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4 of 4 people found the following review helpful
5.0 out of 5 stars Olde England, timeless ideas, 25 Oct 2010
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This review is from: Winstanley [DVD] [1975] (DVD)
Kevin Brownlow and Andrew Mollo's minor classic - a sort of pastoral Spartacus that develops into a chilly Mosquito Coast - regards the 17th century reformist-activist leader Gerrard Winstanley, and it really puts the period in period drama. Made for tuppence, it memorably recreates a time and place too often the reserve of buttoned-up aristocrats. Here it is the domain of the common digger, eking the living on God's land. Problem is, General Lord Fairfax reckons the land belongs to him.

You just have to zip over to IMDb and click on each cast member to get a taste of what an achievement this film is. Other than Jerome Willis (Fairfax himself), you're hard-pushed to find another professional actor among the cast. So yes, some of the performances are amateurish by default. But others are remarkable: aside from Miles Halliwell's titular visionary (whose brow is the very definition of furrowed), David Bramley's Parson Platt in particular stands out as a model of eerie poise and stern implacability.

But it's the photography that really brings the film to life. In sharp monochrome, all the colour of rural England seems to breathe. The faces of the ex-soldiers, scarred like land masses, look like they're filmed in 3D. And then there is the constant mood of inventiveness, with the editor (Sarah Ellis, hacking the frame with Schoonmaker-esquire skill and savagery) unafraid to lurch from extreme close-up to echoing long shot, and the directors even shifting focus to a first-person perspective during one of the many attacks on the diggers' settlement.

With its timeless themes of the stricken many versus "the covetous few", Winstanley is as relevant now as ever (not least when one offscreen character compares Winstanley's celebrity prophet to a certain Muhammad). Its unique atmosphere, striking visuals and strong plotting elevate it to essential viewing.
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3 of 3 people found the following review helpful
4.0 out of 5 stars When Adam Delved and Eve Span ...., 2 Oct 2009
By 
This review is from: Winstanley [DVD] [1975] (DVD)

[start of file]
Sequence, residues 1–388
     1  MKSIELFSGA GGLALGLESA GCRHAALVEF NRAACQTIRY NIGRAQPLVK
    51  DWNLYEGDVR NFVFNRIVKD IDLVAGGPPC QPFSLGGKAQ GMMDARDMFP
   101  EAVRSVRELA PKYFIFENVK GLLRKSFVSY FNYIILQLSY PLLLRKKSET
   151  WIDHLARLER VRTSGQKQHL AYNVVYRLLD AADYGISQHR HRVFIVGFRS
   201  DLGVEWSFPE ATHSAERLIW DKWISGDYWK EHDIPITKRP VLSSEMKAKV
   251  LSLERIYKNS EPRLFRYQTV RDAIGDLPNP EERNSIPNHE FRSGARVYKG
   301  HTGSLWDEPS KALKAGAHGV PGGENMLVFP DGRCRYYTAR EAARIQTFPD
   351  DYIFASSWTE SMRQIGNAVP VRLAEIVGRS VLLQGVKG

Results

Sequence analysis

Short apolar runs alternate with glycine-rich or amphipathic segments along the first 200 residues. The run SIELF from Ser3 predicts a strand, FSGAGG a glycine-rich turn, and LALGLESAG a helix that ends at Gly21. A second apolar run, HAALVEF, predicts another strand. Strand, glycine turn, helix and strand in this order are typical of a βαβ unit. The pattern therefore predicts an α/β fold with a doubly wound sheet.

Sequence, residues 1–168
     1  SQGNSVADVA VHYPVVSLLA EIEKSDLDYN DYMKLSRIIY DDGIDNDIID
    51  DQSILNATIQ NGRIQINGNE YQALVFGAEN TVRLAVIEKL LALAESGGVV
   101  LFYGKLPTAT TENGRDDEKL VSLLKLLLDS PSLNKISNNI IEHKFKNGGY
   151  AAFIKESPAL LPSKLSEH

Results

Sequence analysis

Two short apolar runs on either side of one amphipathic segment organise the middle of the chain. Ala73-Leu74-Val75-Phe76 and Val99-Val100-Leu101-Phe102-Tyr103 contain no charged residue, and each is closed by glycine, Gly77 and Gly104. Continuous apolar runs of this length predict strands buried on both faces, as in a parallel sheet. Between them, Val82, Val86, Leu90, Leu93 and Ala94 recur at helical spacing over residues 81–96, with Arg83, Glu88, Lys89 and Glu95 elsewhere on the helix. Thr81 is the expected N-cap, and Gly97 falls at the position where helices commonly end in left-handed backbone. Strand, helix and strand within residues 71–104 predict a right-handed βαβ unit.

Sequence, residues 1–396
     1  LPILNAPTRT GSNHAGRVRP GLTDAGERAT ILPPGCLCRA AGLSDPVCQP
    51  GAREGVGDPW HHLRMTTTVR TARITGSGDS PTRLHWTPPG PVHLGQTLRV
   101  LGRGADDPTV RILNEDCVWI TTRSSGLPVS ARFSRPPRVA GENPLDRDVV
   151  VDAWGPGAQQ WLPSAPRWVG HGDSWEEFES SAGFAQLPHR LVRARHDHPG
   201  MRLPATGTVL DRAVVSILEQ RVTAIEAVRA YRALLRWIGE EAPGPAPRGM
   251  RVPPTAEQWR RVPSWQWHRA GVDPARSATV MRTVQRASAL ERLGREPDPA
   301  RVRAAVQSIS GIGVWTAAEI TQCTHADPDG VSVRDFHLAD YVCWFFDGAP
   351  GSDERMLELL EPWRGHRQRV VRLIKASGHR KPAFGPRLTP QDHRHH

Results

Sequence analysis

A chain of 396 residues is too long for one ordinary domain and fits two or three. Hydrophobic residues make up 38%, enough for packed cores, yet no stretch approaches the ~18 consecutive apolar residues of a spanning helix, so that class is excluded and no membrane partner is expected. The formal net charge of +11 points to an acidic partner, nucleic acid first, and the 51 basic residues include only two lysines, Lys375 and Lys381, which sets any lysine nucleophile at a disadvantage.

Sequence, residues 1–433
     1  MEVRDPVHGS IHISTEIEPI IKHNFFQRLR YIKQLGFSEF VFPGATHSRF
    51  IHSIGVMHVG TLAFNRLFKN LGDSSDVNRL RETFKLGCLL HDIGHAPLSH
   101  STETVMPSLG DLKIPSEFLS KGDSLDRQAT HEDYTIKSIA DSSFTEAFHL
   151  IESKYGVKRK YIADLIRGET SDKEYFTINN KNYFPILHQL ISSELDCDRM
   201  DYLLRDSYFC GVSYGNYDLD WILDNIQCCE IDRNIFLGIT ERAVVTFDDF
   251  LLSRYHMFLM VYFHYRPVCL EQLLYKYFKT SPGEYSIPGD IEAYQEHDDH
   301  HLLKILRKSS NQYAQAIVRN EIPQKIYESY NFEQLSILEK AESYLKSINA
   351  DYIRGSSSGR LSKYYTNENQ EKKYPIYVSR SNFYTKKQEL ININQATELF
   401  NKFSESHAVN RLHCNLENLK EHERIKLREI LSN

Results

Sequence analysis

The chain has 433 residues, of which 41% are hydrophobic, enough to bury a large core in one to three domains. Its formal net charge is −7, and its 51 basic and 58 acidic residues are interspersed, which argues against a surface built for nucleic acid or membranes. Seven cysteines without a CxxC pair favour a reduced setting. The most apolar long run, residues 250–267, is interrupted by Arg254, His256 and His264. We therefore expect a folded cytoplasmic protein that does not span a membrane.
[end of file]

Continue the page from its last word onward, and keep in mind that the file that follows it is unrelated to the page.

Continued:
Courtesy of the BFI, here's a film about a form of Christian communism in puritan England. Not the first choice for a featurefilm, you might think.
Think again. It's superb.

Never thought I'd enjoy it, but it's compelling from start to finish, with some magnificent black-and-white photography (why is it that the colours are always so much better in monochrome ???!!!) and an air of realism about the whole thing that knocks spots of many far more expensive historical dramas.

Even the atrocious weather is magnificent - every raindrop and gust of wind a star!

The mainly amateur cast does a grand job with their oddball characters, (they don't say much, but they look and feel every hardship) and you can't help but be moved by this simple and ultimately rather sad tale.

It's a film that will certainly stand up to many viewings, and deserves a permanent place in the catalogue of excellent British pictures.

More like this would be a good thing.
Thanks to the BFI for rescuing it from oblivion.
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8 of 9 people found the following review helpful
4.0 out of 5 stars Christian Communism And Other Big Ideas, 16 July 2009
By 
Brady Orme (Edgbaston, England) - See all my reviews
(VINE VOICE)   
Film portrayals of dissidents have always been big indie business - Ignored by the big film studios, these individuals are cast in their own Motion Pictures possibly as they represent the ideals of the DIY enthusiasts that craft them. None more so than during the '70s. Back in the days of the Red Army Faction and the Iron Curtain being solidly Marxist wasn't just a possibility in Art, it was almost mandatory. Even All-American icons like Jane Fonda were schmoozing with the North Vietnamese government.